June is like so many of the old guard hanging around the City of Angels, from West Hollywood to Los Feliz to Echo Park and the like. She’s let herself go, shambling around with greasy hair and a bedraggled wardrobe, yet there is still a spark and passion present in almost all she does. Some would throw her away, but June won’t let them. She knows the city burns a lot of people, and indeed, it has beaten June into submission, but it can’t extinguish her inner spark. The senior is a survivor, even a fixture in the community, and won’t go quietly. And she cares. It’s her rapport with all those in her orbit that keeps her going. June enjoys the bitchy banter with Woody, not to mention the moments when she can showcase her motherly tendencies, like when she counsels convenience store clerk Quinton (Rad Chad) and all comers…including Rodney.

One of the great things about FISHBOWL CALIFORNIA is how it makes all of the peripheral characters specific and worthy of admiration. It reflects the utmost respect that director Michael A. MacRae and his fellow screenwriters Jordan Hodges and Wyatt Aledort have for such types. They understand that for most everyone in LA, it’s a daily struggle to matter, to make rent, to keep their heads above water, and to exist in a town that rolls out the red carpet for the rich and celebrated, but no one else. The filmmakers love actors too as they’ve given strong roles to veteran performers like Kate Flannery and Richard Riehle as well.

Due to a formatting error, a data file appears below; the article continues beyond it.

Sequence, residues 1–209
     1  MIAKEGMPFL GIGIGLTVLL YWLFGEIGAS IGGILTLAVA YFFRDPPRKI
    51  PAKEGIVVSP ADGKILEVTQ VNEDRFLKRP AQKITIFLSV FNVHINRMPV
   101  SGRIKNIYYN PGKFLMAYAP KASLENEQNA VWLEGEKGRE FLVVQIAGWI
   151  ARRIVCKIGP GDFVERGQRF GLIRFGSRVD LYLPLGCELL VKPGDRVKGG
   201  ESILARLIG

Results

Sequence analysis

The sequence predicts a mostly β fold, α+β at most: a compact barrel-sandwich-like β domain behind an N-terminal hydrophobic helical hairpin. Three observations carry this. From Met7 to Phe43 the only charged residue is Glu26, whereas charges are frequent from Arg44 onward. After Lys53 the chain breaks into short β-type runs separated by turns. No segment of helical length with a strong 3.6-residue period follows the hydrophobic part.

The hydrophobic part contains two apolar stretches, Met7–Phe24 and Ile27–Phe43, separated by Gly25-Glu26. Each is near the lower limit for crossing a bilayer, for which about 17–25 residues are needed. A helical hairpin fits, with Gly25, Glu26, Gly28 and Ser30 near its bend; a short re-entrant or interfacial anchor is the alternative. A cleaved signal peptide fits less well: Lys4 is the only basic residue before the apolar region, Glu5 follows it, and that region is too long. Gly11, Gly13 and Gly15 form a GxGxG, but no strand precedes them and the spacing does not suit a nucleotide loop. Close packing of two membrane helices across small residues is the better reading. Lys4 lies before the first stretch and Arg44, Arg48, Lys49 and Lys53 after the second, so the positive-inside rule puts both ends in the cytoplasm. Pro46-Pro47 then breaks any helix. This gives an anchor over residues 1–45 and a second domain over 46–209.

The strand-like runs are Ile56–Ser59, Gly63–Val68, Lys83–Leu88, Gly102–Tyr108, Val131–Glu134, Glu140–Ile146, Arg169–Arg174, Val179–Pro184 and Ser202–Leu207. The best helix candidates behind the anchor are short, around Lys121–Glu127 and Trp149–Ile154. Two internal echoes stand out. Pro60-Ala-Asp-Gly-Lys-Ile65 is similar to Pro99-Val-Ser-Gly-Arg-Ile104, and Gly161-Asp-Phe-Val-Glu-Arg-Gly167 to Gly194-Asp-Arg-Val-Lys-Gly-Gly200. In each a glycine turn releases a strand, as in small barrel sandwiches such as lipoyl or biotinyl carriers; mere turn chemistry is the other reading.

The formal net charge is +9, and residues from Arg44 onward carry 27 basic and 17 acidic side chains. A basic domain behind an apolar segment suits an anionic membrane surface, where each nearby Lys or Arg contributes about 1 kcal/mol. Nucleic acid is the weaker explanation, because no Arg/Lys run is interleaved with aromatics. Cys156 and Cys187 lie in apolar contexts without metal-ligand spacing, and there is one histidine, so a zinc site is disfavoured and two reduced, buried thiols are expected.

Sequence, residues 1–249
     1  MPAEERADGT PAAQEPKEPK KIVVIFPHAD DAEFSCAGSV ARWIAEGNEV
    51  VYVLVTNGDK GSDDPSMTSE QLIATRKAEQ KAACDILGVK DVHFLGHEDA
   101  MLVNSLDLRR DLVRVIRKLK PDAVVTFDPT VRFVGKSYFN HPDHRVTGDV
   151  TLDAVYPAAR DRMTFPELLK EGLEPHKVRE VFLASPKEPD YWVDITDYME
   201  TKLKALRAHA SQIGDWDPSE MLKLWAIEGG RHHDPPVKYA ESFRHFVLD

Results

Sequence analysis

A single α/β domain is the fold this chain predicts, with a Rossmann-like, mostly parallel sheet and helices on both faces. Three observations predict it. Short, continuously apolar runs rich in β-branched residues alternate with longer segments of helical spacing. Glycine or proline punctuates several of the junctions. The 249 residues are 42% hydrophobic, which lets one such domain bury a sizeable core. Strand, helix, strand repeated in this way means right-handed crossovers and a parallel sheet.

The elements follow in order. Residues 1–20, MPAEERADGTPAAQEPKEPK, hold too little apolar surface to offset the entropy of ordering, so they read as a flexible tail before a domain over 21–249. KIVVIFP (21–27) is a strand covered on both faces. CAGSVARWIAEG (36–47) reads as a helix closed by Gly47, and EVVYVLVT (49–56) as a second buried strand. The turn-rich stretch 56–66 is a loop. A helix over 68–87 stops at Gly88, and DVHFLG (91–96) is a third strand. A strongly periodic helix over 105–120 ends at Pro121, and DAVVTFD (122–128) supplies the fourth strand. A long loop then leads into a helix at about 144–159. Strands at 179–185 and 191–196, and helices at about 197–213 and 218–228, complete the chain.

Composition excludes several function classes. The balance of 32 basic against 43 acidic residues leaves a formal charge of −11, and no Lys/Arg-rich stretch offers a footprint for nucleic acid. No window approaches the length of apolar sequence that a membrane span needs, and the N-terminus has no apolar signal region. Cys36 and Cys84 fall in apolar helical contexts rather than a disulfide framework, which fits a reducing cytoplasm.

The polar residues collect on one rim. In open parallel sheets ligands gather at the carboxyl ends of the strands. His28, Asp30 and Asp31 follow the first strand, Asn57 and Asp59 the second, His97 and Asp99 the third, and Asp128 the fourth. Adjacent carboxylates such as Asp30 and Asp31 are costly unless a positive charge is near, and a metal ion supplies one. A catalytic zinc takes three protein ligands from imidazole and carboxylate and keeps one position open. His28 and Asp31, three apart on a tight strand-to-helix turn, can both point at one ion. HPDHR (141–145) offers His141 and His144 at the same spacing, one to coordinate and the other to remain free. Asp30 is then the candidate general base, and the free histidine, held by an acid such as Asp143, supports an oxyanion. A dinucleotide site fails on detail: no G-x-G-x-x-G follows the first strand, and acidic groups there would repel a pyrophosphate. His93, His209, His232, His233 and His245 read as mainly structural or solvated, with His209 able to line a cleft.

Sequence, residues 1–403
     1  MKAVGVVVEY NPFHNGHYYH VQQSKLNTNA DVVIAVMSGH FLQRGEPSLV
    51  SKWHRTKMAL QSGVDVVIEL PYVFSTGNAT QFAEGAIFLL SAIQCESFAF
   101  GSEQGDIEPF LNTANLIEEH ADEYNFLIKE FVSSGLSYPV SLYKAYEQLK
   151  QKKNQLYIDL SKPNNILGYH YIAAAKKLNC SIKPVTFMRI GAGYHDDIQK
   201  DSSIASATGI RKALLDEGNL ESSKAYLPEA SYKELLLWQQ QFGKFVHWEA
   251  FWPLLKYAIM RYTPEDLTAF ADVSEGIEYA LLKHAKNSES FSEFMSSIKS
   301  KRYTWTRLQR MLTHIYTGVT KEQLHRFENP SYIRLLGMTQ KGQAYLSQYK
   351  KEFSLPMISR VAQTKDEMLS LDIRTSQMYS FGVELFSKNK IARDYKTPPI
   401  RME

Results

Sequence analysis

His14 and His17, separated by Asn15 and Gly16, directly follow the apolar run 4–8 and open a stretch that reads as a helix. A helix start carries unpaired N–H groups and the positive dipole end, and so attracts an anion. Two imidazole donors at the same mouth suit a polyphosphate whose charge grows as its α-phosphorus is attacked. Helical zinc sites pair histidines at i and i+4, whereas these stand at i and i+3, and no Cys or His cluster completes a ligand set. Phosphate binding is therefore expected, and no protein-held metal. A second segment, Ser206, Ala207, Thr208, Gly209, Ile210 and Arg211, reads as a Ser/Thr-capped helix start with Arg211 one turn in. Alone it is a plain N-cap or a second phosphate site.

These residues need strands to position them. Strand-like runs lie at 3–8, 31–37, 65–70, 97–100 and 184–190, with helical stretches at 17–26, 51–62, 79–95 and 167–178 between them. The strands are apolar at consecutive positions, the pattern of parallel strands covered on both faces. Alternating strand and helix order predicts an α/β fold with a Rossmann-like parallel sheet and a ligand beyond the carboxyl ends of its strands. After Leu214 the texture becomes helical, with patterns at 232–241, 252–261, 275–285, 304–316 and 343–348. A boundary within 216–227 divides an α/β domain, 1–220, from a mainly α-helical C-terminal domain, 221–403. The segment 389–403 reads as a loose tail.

Even when you can see where the movie is headed, it charms by treating every character with respect, giving them lots of business to showcase. Even Keith gets a lot of screen time and is able to round out what could have just been a shallow villain. Ultimately, FISHBOWL CALIFORNIA argues for inclusion, courtesy, and consideration of every soul who makes up a community, even the utterly misbegotten. Rodney becomes a friend to June and grows into an ersatz member of her family. Even Woody comes around in the story, suggesting that he and June’s squabbling is more of a comedy routine the two have been running forever than the loathing it appeared to be at first. 

Characters change and grow, mostly protagonist Rodney of course, without ever becoming 180-degree different versions of where they started out. This is a grounded and more realistic comedy than most, striving to keep it honest in how it presents the fringe of LA. Even though everyone’s life here is a little desperate, made all the darker by the constant gleam of the Southern California sun, none of these are “garbage people.” There’s a quiet nobility to these has-been’s and never-was’ on display in FISHBOWL CALIFORNIA. This little indie that could will put a lump in your throat, in between laughs. The movie is quite the Valentine to the town and its lovable eccentrics. It knows that all you need to overcome the daily indignities of LA are friends, a few breaks, and a functioning car.